Antiques Peek: May 2019

Antiques Peek: May 2019

It’s In The Bag
by Jessica Kosinski
Today, we take going to the doctor’s office for granted. It is a thing most of us must do whenever we need a checkup or any kind of medical procedure. However, that was not always the case. In fact, there are some rural areas where doctors still come to patients. Historically, a doctor or midwife (who also utilized this type of bag) had to bring supplies to patients’ homes. Supplies were carried in a sturdy bag that was usually made of leather and often, but not always, black. For that reason, it became known simply as a doctor “black bag” or “little black bag.” Although they are rarely used for their intended purposes today, many early doctor bags have survived. They are now coveted by collectors, especially those in medical fields. Let’s take a peek at the history of doctor bags and how important they were, as well as their values today.
The Origins of Doctor Bags
Doctor bags have been in use in some form almost since the origins of doctors. References to medical bags exist in literature as far back as a treatise by Hippocrates. Other cultures, including the Egyptians, also have ancient references to such bags. However, doctor bags as we know them today did not evolve until a few hundred years ago.
Doctors in nineteenth century England often carried bags when visiting patients. In fact, one of the most well-known bags is the Gladstone bag made by a London leather maker named J. G. Beard. The Gladstone design was preferred for nearly 100 years. The doctor bag was also a well-known item in North America in the 1800s and early 1900s. In fact, it was commonly needed as settlers moved across the United States as there were no such things as hospitals on the American frontier. Even when hospitals began to appear in the West, they were few and far between. Settlers relied on country doctors to help them with everything from routine concerns to major medical issues.

The Composition and Contents of Doctor Bags
A doctor’s bag had to be strong enough to stand up to horseback riding, carriage rides, and all types of weather. It needed a hard outer casing and easy to grip handles. Most were made of leather and had two handles at the top with a clasp. Some were black. Others were brown. There were also some satchel-style bags that were not the traditional shape you might think of when you think of a doctor’s bag.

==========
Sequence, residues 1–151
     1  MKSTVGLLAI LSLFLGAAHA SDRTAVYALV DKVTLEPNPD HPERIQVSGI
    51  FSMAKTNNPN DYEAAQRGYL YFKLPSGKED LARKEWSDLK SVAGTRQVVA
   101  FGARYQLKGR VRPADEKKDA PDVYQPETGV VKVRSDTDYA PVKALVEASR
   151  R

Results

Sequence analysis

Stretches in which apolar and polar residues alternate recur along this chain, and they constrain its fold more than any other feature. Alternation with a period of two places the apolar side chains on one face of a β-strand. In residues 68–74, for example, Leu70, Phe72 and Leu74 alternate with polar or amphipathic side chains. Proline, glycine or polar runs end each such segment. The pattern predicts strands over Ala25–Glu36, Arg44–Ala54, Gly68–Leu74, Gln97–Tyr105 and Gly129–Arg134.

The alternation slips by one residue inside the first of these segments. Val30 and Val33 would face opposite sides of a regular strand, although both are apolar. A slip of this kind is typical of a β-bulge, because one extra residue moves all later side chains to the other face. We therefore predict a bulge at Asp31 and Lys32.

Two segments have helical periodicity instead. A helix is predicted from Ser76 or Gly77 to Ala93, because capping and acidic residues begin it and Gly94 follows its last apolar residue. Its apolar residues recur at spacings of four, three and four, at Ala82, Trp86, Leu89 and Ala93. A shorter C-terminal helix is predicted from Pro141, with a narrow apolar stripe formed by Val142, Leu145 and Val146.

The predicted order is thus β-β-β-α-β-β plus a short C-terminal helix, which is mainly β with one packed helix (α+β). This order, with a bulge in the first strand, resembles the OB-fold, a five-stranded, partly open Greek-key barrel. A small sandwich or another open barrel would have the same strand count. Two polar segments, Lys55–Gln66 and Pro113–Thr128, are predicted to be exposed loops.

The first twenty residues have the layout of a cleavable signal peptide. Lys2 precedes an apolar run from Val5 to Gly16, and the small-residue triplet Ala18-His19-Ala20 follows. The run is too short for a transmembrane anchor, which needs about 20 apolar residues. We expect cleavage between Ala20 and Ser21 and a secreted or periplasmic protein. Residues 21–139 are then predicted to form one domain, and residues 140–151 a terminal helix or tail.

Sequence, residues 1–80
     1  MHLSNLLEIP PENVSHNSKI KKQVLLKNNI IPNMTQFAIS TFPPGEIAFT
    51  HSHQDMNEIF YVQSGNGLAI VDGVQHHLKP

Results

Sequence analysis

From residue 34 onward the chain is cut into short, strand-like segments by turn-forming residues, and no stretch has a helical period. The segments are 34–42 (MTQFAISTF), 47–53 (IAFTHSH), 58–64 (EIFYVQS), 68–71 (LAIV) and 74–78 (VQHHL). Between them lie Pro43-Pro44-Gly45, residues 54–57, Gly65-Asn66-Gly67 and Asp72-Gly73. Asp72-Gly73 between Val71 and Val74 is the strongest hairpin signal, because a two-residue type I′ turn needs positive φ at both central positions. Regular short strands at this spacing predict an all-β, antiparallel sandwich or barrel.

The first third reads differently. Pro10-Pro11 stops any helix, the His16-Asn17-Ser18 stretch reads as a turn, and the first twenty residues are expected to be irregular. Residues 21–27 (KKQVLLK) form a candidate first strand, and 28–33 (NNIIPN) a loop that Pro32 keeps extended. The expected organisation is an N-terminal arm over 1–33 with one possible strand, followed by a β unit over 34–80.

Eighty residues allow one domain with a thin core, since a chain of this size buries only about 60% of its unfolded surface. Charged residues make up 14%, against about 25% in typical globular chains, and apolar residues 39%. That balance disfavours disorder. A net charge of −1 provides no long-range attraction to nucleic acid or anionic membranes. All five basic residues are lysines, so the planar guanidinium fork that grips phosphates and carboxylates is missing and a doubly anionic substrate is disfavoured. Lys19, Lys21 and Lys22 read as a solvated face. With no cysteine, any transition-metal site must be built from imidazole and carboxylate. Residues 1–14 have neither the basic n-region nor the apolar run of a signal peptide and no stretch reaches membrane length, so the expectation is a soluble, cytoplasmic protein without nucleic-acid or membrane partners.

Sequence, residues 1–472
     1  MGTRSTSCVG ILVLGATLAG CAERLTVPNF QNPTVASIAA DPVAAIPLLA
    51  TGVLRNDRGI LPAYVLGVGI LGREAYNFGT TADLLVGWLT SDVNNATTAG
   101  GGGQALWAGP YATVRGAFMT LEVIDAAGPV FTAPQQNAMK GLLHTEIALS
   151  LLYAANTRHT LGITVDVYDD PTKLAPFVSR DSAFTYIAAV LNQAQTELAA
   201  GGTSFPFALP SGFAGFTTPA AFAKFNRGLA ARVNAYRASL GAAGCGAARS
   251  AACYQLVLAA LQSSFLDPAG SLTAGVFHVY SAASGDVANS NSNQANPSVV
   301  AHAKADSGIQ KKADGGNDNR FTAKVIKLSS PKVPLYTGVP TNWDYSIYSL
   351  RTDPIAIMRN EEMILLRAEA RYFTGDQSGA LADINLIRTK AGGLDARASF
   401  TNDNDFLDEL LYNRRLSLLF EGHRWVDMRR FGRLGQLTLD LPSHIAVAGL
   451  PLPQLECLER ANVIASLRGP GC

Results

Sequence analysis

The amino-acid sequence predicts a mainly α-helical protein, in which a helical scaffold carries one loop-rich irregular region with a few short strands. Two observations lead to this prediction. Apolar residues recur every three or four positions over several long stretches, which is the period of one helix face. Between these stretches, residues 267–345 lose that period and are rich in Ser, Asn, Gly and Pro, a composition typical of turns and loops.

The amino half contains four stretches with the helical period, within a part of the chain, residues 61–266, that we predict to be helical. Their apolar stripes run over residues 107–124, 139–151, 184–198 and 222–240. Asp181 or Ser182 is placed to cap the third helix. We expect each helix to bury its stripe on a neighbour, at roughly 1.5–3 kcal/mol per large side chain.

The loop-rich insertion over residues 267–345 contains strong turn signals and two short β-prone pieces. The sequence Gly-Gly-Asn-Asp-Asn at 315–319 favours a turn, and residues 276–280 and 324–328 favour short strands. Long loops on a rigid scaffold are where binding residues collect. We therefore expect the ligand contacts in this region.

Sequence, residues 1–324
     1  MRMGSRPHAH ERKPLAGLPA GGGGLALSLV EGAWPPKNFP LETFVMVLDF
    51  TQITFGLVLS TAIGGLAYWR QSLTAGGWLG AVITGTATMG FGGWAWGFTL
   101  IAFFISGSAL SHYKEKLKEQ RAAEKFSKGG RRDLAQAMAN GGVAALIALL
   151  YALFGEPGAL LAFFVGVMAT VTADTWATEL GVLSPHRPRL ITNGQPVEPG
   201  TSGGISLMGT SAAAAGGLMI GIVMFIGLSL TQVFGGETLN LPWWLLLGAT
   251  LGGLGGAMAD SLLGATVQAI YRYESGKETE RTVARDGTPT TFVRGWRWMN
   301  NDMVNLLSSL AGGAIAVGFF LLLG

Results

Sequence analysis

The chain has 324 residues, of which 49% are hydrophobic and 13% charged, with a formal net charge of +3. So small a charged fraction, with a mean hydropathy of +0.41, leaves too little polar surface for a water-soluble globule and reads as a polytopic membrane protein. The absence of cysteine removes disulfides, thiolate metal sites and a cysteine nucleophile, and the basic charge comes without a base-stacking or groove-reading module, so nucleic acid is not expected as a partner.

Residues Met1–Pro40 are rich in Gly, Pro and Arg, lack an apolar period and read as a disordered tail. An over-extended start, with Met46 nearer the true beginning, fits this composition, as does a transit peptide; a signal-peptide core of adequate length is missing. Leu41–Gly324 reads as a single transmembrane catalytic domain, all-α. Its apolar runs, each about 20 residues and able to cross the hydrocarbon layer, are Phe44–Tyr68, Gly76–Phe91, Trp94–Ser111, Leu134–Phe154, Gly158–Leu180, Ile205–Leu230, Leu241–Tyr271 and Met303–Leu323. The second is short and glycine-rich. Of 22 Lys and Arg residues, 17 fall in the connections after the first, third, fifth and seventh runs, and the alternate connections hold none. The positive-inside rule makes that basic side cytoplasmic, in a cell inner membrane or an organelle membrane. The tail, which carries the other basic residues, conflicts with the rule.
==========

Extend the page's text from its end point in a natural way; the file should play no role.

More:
Each doctor’s bag was more than just an empty container. It had to have compartments to securely hold all the tools of the trade. When you buy antique doctor bags today, you will find they all have interesting little compartments of varying shapes and sizes. Some were used to hold tools, such as syringes. Others held medications. Doctors acted as traveling pharmacists – there was no ordering a prescription and going to the pharmacy the same day to have it filled. When a patient needed medicine, the doctor usually needed to have it on hand and leave it with the patient the instant it was prescribed.
Medical advancements and cultural differences between countries influenced the contents of doctor bags. Therefore, not all doctors in all eras and areas carried the same items. Although, there were some items common to most doctor bags. For example, items in an 1800s or early 1900s doctor’s bag might include tongue depressors, stethoscopes, and thermometers. However, the stethoscope was invented in 1816 in France, so earlier bags and some bags of that era in other countries did not contain them leaving the doctor to put his ear directly over the heart of the patient or created a type of “tube” to place over the heart or lungs or intestines to listen to what was going on.
Doctor Bags in the Media
Although scarcely seen in practical use today, doctor bags are prominently featured in the media. They are well-known symbols that can conjure up images of early medicine. That is because they feature prominently in many history-based television shows and movies. Some people collect them due to those associations. For example, Dr. Baker on the television series Little House on the Prairie carried such a medical bag, as did Dr. Archibald “Moonlight” Graham in the movie Field of Dreams. That presence in the media has helped to keep them popular as collector items today.
Collecting Antique Doctor Bags
There is no single way to collect antique doctor bags. However, you should keep in mind it is unlikely to ever find one in pristine condition. If you do somehow manage to do so, that bag was probably never used for its intended purpose.
Unlike many antiques, bags with some damage are most likely going to be more collectible because it shows they have a history of use. Each doctor’s bag traveled great distances with the doctor. Keeping one in perfect condition was nearly impossible. You must also keep in mind the instruments in the doctor’s bags you collect may be missing entirely, partially missing or not original to the bag. Doctor bag prices can range from less than $100 to several thousand dollars, so be sure to collect within your own personal budget.
When you discover a bag you want to add to your home or collection, it is probably best to check with a saddle shop to learn how to best clean the leather and preserve it. Too much oil can actually damage worn leather, and glycerin saddle soap can dry out older leather, whereas a gentle cleaning with an appropriate restorer is more likely to do the trick.